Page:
Danny Tonty, MSOT/S ‘14
Clinical/Community Track: Angel Baked Cookies
Why did you choose WUOT for your occupational therapy education?
I applied at WUOT because it is one of the top ranked OT schools in the country and is strongly affiliated with AOTA. WUOT is also a research institution within a strong medical community and I felt that culture would benefit my education and enhance my experiences. I also chose WUOT because the program is evidence and theory-based in addition to being hands on, which helps form the way you think.
Why did you choose a clinical/community track experience for your master’s degree?
I chose a clinical/community track experience because I wanted to apply the evidence and theory research principles to community practice.
Briefly describe your agency.
I am working with Angel Baked Cookies (ABC), a local nonprofit that is part of the North Grand Neighborhood Services. ABC empowers youth through employment, training and personal development. They employ “Angles,” high school students ages 16-19, who prepare the cookies and work on sales and marketing.
Describe your involvement with the agency (programs/services).
ABC asked WUOT to help the Angels enhance their work preparation program as the foundation for their baking, sales and marketing operations. I lead monthly workshops giving Angels a professional business workshop similar to what they might encounter with a future employer.
In December 2013, ABC was honored by the FBI and received the FBI Director's Community Leadership Award, which recognizes the efforts that ABC makes in their neighborhood. ABC recently received press coverage from STLToday.com, St. Louis Magazine and the St. Louis American.
How do you think these services enhanced your clinical skills?
Planning and conducting the workshops at ABC has taught me how to put theory and evidence into practice. Each month, I am able to refine my approaches that work best with the Angels. This community experience has also taught me to be client-centered, and to look holistically at agency needs for the populations which they serve.
How did you feel about the guidance provided by Dr. Berg?
Dr. Berg allows me to work independently, which strengthens my critical thinking and problem-solving skills. She provided me with resource materials to understand the history of St. Louis and the specific challenges of the North Grand neighborhood. Having that background and history gave me a perspective from which to better understand what challenges the Angels are facing in their day to day lives and in their environment. Dr. Berg has taught me it’s not about just delivering a workshop, but about evaluating and understanding the culture and impact on the community as a whole.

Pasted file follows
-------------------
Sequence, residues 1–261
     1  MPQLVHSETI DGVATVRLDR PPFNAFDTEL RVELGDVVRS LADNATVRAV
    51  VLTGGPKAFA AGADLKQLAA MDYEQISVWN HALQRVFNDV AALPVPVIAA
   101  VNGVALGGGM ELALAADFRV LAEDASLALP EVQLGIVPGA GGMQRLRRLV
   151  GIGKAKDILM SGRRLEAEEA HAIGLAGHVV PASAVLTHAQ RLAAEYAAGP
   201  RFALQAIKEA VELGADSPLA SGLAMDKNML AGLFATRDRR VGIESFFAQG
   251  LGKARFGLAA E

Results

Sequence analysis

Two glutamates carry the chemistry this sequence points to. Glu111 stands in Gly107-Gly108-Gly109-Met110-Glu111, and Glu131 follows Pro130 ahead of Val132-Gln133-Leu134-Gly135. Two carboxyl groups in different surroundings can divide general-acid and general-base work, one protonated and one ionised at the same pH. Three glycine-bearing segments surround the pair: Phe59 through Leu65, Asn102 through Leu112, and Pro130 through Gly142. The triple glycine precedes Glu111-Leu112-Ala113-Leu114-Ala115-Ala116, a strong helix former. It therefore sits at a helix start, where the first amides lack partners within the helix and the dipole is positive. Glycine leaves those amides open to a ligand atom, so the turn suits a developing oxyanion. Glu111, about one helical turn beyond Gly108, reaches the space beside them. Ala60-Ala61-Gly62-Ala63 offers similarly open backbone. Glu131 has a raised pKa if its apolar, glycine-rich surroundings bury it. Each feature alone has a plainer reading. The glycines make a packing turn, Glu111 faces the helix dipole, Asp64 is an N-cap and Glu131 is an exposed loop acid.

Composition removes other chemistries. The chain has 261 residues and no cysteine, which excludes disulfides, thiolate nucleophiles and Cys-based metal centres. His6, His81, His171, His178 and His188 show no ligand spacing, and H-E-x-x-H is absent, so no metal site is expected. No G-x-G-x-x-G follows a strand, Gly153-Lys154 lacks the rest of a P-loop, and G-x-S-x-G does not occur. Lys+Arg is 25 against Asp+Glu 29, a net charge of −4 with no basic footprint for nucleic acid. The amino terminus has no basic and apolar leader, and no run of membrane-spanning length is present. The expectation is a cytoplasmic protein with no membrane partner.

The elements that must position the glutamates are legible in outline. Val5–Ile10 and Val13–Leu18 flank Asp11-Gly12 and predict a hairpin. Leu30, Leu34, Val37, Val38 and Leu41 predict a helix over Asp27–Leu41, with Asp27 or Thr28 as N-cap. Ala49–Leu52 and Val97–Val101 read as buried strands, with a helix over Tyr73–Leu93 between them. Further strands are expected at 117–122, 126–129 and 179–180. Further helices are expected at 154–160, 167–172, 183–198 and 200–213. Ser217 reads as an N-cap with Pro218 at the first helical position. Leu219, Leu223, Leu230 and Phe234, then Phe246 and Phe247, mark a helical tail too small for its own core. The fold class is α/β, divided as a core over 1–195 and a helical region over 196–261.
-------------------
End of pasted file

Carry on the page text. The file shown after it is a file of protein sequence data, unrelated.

How would you describe this experience to prospective students who may be interested in community practice?
The clinical/community track experiences are all very unique depending on the agency selected. Other students are also working on program development or capacity building with their agencies. There are many opportunities available that allow you to select an agency that will give you the experiences needed to make you a well-rounded OT.
How will these experiences affect or influence your career direction after graduation?
This experience has made me more empathetic to challenging situations or clients. I completed my Fieldwork I at the Johns Hopkins Child and Adolescent Psychiatry Bloomberg Children's Center in Baltimore, Md., where I went on out into the community for an assessment of a high school environment and observed the challenges their client faced. That experience helped prepare me for this clinical track and I will be able to draw on the experiences I have had at ABC when I return to Johns Hopkins for my Fieldwork II.
Anything else you would like to add?
I am from Seattle, Wash., so living in the Midwest has been a wonderful experience. I visited so many places – Chicago, Kansas City, Nashville, Des Moines – and now I have a vested interest and knowledge of this part of the U.S. In St. Louis, it has been rewarding to be a part of the North Grand neighborhood renewal process through my work with ABC.
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Current, future and accepted applicants are encouraged to visit. We also welcome people who are exploring career options and considering occupational therapy. Dr. Kathy Kniepmann, one of our faculty members, opens our visit sessions with an informal presentation and discussion, followed by a tour that’s led by one of our current occupational therapy students.
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